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NVIDIA unveils GeForce GTX 200 graphics

updated 10:00 am EDT, Mon June 16, 2008

NVIDIA GeForce GTX 200

NVIDIA today took the wraps from its anticipated GTX 200 series video chipset, introducing its first new architecture since the 8-series appeared in late 2006. All new boards have an architecture which is as much as 50 percent faster than even the top-end 8800 Ultra; the fastest part in the launch, the GTX 280, nearly doubles the amount of effects processors to 240.

All of these are also the first to support NVIDIA's CUDA general-purpose technology that allows supporting apps to use the video chipset for PhysX-based physics in games as well as calculations in other tasks; a GTX 280 is 45 times faster in Folding@Home genetic calculations than a 3GHz Core 2 Quad, NVIDIA claims.

The GTX 280 supplies the full feature set with a 602MHz core clock speed, and 1GB of memory on a 512-bit bus running at 1.1GHz actual speed; the GTX 260 scales the number of processors back to 192 and also dials back the core and memory speeds to 576MHz and 999MHz respectively; it carries an unusual 896MB of video RAM on a 448-bit bus.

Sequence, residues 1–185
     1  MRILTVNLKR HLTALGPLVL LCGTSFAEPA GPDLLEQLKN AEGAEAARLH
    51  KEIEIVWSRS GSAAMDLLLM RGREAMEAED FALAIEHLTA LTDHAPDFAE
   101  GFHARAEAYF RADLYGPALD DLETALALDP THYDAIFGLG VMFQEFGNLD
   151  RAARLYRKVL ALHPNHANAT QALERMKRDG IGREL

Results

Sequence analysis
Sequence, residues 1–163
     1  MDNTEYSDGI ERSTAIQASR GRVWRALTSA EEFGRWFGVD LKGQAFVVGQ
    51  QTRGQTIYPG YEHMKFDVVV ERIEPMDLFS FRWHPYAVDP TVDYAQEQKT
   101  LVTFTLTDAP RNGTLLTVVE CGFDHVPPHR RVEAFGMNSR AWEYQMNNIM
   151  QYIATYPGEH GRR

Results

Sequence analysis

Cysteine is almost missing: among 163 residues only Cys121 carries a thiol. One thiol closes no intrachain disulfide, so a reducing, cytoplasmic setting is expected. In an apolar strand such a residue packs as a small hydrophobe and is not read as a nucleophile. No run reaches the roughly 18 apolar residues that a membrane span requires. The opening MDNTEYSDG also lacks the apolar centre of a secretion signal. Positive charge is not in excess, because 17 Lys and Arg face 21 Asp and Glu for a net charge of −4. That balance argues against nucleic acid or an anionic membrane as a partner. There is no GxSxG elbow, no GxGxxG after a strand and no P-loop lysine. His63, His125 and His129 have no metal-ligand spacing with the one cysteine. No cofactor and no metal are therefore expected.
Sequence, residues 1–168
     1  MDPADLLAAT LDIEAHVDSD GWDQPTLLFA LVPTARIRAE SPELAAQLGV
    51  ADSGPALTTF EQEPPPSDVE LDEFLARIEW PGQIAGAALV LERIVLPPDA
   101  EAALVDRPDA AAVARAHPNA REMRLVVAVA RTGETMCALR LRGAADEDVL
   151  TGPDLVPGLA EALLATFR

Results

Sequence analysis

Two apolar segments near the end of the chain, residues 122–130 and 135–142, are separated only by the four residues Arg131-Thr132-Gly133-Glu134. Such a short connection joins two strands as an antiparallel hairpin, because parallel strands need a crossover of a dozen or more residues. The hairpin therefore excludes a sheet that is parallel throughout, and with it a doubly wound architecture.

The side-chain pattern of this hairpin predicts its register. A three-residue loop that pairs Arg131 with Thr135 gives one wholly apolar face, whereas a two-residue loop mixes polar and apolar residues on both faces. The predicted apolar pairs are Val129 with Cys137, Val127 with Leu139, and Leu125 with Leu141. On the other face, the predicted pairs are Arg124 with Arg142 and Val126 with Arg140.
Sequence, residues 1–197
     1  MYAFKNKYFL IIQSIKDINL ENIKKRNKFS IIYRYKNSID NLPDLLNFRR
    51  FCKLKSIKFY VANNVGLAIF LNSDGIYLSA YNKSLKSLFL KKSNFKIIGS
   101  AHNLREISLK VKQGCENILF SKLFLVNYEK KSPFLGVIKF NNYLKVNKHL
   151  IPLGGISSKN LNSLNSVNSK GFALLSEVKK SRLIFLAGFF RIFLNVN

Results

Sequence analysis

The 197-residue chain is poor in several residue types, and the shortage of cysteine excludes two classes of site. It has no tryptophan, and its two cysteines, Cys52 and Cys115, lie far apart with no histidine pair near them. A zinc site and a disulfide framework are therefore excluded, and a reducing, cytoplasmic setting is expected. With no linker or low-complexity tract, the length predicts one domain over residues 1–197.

All the cards support up to three-way SLI graphics and have full hardware acceleration for most HD video formats. The cards will be available both in pre-assembled systems, starting with a new version of the HP Blackbird 002, as well as from third-party card manufacturers such as ASUS, BFG, eVGA, and XFX. NVIDIA's official recommended prices sit at $399 for the GTX 260 and scale up to $649 for the range-topping GTX 280. Both boards will be ready by June 26th.

By Electronista Staff


  1. ViktorCode

    Fresh-Faced Recruit

    Joined: Jan 2006


    This monster and Mac Pro

    To be honest the first thing on my mind was will this baby run on Mac Pro? Will some of NVIDIA partners release a Mac compatible card? Well, as it turned out there are physical difficulties, namely power lines. To feed GTX 260 you will need two 6-pin power cables, and Mac Pro just happens to have exactly two such sockets on its motherboard. But GTX 280 requires 6-pin and 8-pin cable. Now, I don't know what power is required for this 8-pin socket, but I'm sure that it is more than 6-pin gives and that there's no such power source on Mac Pro.... bah.

  1. suhail

    Senior User

    Joined: Nov 1999


    Why Should they?

    Why should they make it compatible with a Mac? Apple only has the MacPro where such a video card can be used, and that costs $2,200

    Apple needs a computer to fill their gaping hole in their product line.

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